- Finley, M.I. (1978). “Schliemann’s Troy—One Hundred Years After.”
Appendix II in The World of Odysseus. 2nd ed. New York: Penguin. Pp.
Blegen (1963) offers a valuable, often entertaining synopsis of the
material presented in thorough detail in the four-volume official
report of his excavation campaigns at Troy; it is still the best
single introduction to archaeological Troy, one that has not been
made entirely obsolete by Korfmann’s campaigns at the site fifty
years on. Finley (1978) is a trenchantly skeptical reaction to
Blegen’s conclusions about the historicity of the Trojan War and a
needed reminder that Homer was a poet, not a historian.
Troy and the Hittites
- Bryce, Trevor (1998). The Kingdom of the Hittites. Oxford: Clarendon
- Güterbock, Hans G. (1983). “The Hittites and the Aegean World: Part
1. The Ahhiyawa Problem Reconsidered.” American Journal of
Archaeology 87: 133-38; with responses by Machteld J. Mellink
(138-41) and Emily T. Vermeule (141-43).
- Latacz, Joachim (2001). “Wilusa (Wilios/Troia): Centre of a Hittite
Confederate in North-West Asia Minor.”
- MacQueen, J.G. (1996). The Hittites and Their Contemporaries in Asia
Minor. Rev. ed. New York: Thames & Hudson.
- Niemeier, Wolf-Dietrich, and Hershel Shanks (2002). “Greeks vs.
Hittites: Why Troy Is Troy and the Trojan War Is Real.” Archaeology
Odyssey 5.4: 24-35, 53.
- Page, Denys L. (1959). History and the Homeric Iliad. Berkeley: U.
Page (1959) is an early attempt by a classical philologist (Regius
Professor of Greek at Cambridge) to sort out the relevance of
Hittite documents regarding the Ahhiyawa (=Achaeans?) for the
reconstruction of the Mycenaean world. Bryce (1998) and MacQueen
(1996) offer valuable current discussions of the Hittites, the
former scholarly, the latter shorter, more popularizing, and very
well illustrated. Shanks’ interview (2002) with Niemeier, the head
of the German Archaeological Institute at Athens, addresses more
specifically the Korfmann vs. Kolb conflict (Niemeier favors
Korfmann). Latacz’s paper (2001) defending the Greek Wilios = Luwian
Wilusa equation was written to accompany a Hittite exhibition in
Bonn in 2002.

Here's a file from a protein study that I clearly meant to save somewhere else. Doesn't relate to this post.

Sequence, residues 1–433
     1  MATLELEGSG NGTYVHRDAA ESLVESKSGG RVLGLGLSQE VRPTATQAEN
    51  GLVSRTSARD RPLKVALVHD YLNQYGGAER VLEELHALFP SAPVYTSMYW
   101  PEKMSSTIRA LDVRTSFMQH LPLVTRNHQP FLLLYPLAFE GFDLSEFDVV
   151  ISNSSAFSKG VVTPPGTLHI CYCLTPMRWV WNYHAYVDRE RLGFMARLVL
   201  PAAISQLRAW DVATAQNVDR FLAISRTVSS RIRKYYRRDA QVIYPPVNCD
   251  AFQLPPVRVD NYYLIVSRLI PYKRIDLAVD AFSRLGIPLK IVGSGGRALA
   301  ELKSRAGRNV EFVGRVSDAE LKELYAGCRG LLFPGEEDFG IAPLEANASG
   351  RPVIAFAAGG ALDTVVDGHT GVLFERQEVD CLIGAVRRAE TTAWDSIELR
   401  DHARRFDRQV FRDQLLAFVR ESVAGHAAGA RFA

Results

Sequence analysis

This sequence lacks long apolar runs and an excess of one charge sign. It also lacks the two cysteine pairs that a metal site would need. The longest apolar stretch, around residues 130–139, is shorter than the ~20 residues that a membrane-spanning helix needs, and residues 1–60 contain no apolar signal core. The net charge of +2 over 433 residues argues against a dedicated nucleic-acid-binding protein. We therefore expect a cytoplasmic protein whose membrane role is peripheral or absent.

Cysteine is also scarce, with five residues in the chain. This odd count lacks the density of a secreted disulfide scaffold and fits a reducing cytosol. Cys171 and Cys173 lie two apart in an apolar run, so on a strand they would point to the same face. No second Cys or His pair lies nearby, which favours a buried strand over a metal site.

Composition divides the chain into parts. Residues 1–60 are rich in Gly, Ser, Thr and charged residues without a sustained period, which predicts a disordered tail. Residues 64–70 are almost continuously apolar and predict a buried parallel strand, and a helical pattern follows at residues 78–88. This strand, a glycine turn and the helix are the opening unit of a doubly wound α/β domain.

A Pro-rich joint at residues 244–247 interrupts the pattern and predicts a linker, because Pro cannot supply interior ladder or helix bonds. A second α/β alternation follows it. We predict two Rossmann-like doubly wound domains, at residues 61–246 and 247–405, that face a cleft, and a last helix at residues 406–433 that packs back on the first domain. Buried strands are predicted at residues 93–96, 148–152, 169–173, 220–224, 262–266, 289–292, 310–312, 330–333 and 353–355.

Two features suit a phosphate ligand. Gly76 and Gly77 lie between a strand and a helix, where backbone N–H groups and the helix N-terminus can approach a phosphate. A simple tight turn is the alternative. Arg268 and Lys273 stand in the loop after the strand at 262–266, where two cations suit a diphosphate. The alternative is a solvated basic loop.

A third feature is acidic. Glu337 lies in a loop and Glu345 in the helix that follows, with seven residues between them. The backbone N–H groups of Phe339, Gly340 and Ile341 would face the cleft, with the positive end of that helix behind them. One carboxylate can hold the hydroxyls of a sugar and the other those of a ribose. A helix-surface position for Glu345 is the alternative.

- Easton, D.F., et al. (2002). “Troy in Recent Perspective.”
Studies 52: 75-109.
- Korfmann, Manfred (1991). “Troia—Reinigungs- und
Dokumentationsarbeiten 1987, Ausgrabungen 1988 und 1989.” Studia
Troica 1: 1-34.
- ―――. (1997). “Troia, an Ancient Anatolian Palatial and Trading
Center: Archaeological Evidence for the Period of Troy VI/VII.” In
Boedeker (1997) 51–73.
- Latacz, Joachim, “Manfred Korfmann [obit.],” Frankfurter Allgemeine
Zeitung (12 Aug 2005), Eng. trans. J.P. Holoka. <link>.
- Project Troia: Troia and the Troad—Archaeology of a Region. <link>
- Raaflaub, Kurt (1997). “Homer, the Trojan War, and History.” In
Boedeker (1997) 74-97.
- Siebler, Michael (1990). Troia—Homer—Schliemann: Mythos und
Wahrheit. Mainz am Rhein: Verlag P. von Zabern.
- ―――. (1994). Troia: Geschichte, Grabungen, Kontroversen. Mainz am
Rhein: Verlag P. von Zabern.
- Studia Troica. 1 (1991)–14 (2004).
The evidence gathered during the Tübingen-Cincinnati excavations
begun in 1988 is being published in the yearbook Studia Troica. Each
volume contains reports and articles on the significance of new
finds both in specific details and in general conclusions. In the
thirteen installments published thus far, scores of archaeologists,
including specialists in soil analysis and cesium magnetometry, as
well as botanists, geologists, ceramics experts, ancient historians,
including Hittitologists, linguists, and philologists have
contributed reports and studies relevant to Troy. Siebler’s books
(1990, 1994), produced to summarize the new excavations for a wider
audience, are excellent short accounts of the present state of
knowledge and feature superb maps, plans, and color illustrations.
The paper by Easton et al. (2002) is a systematic (and convincing)
response to critics of the methods and results of Korfmann (1991,
1997) and others on the Troia Project team. Raaflaub’s essay (1997)
is, like Finley’s (1978) vis-à-vis Blegen (1963), a cautionary
reminder that, in our excitement over the new finds, we should
nonetheless recognize that Homer’s Iliad is in fact distinctively a
product of its time of composition in the late eighth or early
seventh century and has not been historically “authenticated” by the
recent archaeological work: “neither the archaeological evidence nor
the contemporary documents tell us who destroyed Troy and why” (p.
84). “Project Troia” is the official website of the new excavations
at Troy. Besides up-to-the-minute news about the project and
information about team members, sponsorship, and publications, there
are links to illustrations of and other materials on the German
Troia Exhibition of 2001-2002 and to “virtual reconstructions” of
Bronze Age Troy.
Eastern Michigan University
—updated 9 Sep 2005